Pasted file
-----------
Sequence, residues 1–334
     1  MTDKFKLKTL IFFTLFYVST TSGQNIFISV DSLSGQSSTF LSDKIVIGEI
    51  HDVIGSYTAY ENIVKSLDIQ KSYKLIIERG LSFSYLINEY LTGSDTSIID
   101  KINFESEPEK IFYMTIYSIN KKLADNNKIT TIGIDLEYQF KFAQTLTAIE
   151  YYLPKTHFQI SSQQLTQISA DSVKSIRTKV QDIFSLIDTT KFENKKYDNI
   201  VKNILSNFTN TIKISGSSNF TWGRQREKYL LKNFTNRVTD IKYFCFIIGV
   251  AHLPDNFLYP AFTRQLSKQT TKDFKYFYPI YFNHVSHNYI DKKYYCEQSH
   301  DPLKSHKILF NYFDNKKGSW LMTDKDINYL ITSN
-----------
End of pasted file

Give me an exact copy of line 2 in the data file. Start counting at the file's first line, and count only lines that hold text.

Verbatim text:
     1  MTDKFKLKTL IFFTLFYVST TSGQNIFISV DSLSGQSSTF LSDKIVIGEI